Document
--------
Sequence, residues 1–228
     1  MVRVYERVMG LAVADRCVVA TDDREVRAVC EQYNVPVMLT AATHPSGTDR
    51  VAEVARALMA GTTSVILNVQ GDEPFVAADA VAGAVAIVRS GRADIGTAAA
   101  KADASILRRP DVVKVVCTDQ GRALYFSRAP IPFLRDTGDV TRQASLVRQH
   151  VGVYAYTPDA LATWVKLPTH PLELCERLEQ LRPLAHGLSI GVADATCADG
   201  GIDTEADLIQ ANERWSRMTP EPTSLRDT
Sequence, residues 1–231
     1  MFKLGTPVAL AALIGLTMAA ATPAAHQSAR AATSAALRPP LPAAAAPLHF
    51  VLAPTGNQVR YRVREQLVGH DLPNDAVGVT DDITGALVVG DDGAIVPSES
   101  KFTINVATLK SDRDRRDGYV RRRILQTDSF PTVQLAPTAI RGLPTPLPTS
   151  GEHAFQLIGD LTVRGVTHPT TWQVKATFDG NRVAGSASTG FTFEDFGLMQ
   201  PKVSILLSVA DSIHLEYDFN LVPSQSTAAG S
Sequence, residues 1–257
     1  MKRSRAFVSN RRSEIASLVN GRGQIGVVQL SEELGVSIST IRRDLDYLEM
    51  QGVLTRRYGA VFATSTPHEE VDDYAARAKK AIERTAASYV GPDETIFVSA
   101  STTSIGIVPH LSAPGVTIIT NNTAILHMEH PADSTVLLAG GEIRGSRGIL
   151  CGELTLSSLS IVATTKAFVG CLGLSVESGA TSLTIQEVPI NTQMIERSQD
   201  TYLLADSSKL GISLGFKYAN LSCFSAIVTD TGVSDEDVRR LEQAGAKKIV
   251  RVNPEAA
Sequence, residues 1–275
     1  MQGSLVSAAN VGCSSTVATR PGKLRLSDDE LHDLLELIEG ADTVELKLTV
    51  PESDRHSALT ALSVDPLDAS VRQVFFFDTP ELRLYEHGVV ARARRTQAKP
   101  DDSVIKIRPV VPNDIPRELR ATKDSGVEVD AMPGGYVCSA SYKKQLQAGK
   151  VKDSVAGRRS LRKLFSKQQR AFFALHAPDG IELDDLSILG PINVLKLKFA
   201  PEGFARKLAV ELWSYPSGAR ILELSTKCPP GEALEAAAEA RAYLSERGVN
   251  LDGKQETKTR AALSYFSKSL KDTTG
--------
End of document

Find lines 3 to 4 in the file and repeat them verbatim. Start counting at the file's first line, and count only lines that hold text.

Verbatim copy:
    51  VAEVARALMA GTTSVILNVQ GDEPFVAADA VAGAVAIVRS GRADIGTAAA
   101  KADASILRRP DVVKVVCTDQ GRALYFSRAP IPFLRDTGDV TRQASLVRQH